If you’re at a coffee shop or a restaurant, nine times out of ten, your server is an aspiring actor or musician. That was the case for Indiana native Andre Hall who moved to Hollywood with the goal of becoming a star. Hall can definitely say he’s paid his dues having been a waiter, a bartender and a valet before he landed his big break as one of the stars on Tyler Perry’s hit series, “Love Thy Neighbor” now in it’s fourth season on OWN (The Oprah Winfrey Network).
Even with the success of the show, Hall isn’t taking any days off. In addition to acting, the former model is also working on his first feature film and he’s received feedback on his script from Mr. Perry himself. In an exclusive with Directed By D’Amour, Hall gives insight on how his faith got him through the tough times and how his “Love Thy Neighbor” character is continuing to evolve in season four.
DBD: Now that “Love Thy Neighbor” is in season 4, how does your character continue to develop to keep the fans engaged in your storyline?
Andre Hall: People have come to know Danny as this little kid trapped in a man’s body but this season he’s letting everyone know that he’s a man. He gets married and so many things change, it’s not just about you any more and that’s where Danny has to grow up, he’s now responsible for someone else. So he has to be a provider and take care of his wife, Troy (actress Leigh-Ann Rose). He’s challenged with letting go of his college ways, always hanging out with his friends and being overly involved in his family’s affairs. This season Danny has to stand up for Troy and let the family know they can’t disrespect her because this is my life and this is my wife.Never settle, always strive to get better and stay in gratitude because that multiplies everything Click To Tweet
DBD: When did you decide that you wanted to be an actor and what was your journey to getting to this point in your career?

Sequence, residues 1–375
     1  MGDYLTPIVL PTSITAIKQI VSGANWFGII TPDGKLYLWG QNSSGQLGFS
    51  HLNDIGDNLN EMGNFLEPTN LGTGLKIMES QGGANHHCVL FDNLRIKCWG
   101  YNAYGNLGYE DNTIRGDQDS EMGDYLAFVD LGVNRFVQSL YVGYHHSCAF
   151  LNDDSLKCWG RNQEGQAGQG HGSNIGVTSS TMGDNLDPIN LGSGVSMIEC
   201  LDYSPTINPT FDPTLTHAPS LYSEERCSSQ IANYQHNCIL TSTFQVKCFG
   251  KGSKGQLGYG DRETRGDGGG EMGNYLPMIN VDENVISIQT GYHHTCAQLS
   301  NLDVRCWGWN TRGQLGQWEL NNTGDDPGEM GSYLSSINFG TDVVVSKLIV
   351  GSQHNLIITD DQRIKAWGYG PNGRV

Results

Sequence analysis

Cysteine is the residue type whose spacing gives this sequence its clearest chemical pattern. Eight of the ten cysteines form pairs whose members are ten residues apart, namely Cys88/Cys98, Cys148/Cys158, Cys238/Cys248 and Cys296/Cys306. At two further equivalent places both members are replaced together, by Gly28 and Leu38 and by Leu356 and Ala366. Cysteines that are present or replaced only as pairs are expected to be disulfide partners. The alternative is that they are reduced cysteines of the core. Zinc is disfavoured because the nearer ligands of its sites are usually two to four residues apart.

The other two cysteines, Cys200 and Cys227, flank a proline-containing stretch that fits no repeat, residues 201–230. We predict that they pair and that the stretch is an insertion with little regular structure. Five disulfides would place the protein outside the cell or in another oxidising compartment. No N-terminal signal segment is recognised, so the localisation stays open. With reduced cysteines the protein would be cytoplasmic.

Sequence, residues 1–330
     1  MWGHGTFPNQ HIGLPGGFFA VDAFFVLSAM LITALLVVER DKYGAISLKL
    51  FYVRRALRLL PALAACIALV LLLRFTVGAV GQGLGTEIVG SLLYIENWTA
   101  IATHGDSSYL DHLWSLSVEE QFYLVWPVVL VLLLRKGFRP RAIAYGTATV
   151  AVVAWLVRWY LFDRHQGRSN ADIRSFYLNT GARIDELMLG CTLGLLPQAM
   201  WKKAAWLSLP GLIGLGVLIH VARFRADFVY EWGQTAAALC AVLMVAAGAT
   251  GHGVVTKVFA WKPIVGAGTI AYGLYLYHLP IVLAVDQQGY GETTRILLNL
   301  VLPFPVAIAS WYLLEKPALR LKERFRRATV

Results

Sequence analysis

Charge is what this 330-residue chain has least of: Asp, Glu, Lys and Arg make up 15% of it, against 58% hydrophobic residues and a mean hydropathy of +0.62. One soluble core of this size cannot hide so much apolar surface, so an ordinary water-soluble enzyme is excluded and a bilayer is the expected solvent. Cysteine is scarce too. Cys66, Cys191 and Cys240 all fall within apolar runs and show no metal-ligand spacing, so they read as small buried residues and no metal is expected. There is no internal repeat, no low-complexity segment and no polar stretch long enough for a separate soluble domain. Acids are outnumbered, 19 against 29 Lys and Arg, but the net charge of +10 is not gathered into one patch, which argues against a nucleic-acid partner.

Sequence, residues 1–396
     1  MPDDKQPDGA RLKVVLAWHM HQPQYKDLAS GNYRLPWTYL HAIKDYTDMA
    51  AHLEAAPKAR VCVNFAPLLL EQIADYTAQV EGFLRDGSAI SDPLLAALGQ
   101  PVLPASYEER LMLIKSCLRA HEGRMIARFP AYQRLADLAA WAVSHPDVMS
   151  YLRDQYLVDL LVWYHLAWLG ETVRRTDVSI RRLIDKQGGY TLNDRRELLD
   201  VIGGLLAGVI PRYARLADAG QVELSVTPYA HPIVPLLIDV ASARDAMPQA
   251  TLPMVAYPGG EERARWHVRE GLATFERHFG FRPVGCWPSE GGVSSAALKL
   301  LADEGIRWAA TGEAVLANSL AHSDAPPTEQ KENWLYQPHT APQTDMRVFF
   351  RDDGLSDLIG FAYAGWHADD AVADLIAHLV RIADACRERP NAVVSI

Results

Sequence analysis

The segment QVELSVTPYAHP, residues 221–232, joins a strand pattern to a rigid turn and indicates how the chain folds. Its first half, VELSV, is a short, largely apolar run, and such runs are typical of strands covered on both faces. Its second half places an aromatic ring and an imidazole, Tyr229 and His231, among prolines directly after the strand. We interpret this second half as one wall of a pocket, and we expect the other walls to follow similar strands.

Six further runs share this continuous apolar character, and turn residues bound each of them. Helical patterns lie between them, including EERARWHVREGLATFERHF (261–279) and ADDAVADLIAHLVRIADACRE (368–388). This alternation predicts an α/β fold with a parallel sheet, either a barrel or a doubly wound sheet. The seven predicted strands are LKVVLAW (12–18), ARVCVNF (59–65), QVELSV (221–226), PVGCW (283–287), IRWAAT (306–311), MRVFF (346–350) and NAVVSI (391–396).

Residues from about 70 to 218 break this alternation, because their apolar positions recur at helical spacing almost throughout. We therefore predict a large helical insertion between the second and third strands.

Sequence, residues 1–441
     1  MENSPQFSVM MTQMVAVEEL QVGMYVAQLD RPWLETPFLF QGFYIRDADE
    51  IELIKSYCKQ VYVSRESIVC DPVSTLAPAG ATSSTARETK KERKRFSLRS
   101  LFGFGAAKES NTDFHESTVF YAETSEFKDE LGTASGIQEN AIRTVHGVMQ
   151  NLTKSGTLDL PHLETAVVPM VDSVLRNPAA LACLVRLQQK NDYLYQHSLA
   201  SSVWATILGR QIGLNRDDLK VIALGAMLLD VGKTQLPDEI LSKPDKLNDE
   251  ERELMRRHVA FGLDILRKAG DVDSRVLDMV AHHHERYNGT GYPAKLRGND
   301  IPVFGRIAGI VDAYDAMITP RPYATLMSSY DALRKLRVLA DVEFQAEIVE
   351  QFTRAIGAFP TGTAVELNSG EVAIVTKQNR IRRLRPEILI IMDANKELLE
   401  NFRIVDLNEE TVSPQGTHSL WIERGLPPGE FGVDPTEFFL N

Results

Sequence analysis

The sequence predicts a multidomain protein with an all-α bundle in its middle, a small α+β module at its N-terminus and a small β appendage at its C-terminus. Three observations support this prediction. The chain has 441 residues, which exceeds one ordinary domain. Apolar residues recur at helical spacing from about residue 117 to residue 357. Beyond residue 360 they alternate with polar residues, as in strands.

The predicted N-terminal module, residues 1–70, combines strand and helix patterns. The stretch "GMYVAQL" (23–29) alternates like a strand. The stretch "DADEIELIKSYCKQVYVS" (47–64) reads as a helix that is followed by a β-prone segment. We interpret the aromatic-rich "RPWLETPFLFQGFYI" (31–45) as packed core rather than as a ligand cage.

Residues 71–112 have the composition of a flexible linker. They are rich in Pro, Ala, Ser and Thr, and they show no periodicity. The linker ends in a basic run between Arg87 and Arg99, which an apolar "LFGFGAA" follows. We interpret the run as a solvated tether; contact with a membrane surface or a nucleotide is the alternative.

AH: I’ve known since I was eight-years-old. One day I got in trouble and I couldn’t go outside so my grandma made me sit down and watch a movie, it was “The Black Stallion” by Francis Ford Coppola. I was mesmerized by this film and I knew that one day I was going to be on TV.
When most actors finally get to L.A., I think they expect to be the next Will Smith or Denzel Washington and that’s not the case. I worked at Starbucks, I was a waiter, a bartender and a valet, sometimes working 2 to 3 jobs at a time while getting a lot of ‘no’s’ as an actor. “Love Thy Neighbor” was my first breakthrough role. It’s definitely been a blessing because for the first six years that I was in L.A. I slept on a floor until this Tyler Perry series came along.
DBD: What advice would you give to your younger self about maintaining patience and resilience on your journey?
AH: I have more faith now than I ever had before. Between all those odd jobs, sleeping on the floor and being constantly told ‘no’ for reasons out of my control like: ‘you’re too light skin’, you’re not black enough, ‘you’re not urban enough’. As an actor, people are always criticizing you so it just made me fall in love with myself. I would tell my 25-year-old self to relax, just trust yourself, it’s going to be okay. You’re exactly where you’re supposed to be right here and right now.
DBD: What have you learned from working with Tyler Perry and what projects are you developing on outside of acting?
AH: Being around Mr. Perry, I try and pick his brain as often as possible. The way he can bring his visions to fruition is fascinating, the opportunity to work right next to him and ask questions is such a blessing. I’m currently working on a feature film about Martin Luther King, Jr. It’s making me a more well rounded artist, it’s definitely enhanced my acting. My goal is to star in the film as well as direct it.
I’ve been working on the script for almost ten years and at the time “Selma” or “All The Way” (HBO film on MLK starring Anthony Mackie) weren’t out yet. Having a black mother and a white father has really shaped how I view the world. My film is told from the perspective of being bi-racial during the Civil Rights movement; are you fully accepted by African Americans? Are you kind of accepted by white people? It’s an interesting tug of war for the main character for the audience to see the world through his eyes.As an actor, people are always criticizing you so it just made me fall in love with myself. Click To Tweet
DBD: What’s something you would share with an aspiring actor about the business aspect of the industry?
AH: Stand on your truth and what you believe in. Don’t let anyone alter that because you can’t build a house on weak foundation. If you really want to get to this level—and I’m trying to go even higher, never settle, always strive to get better and stay in gratitude because that multiplies everything.
Originally Published in the LA Sentinel Newspaper
Last modified: Jun 5, 2017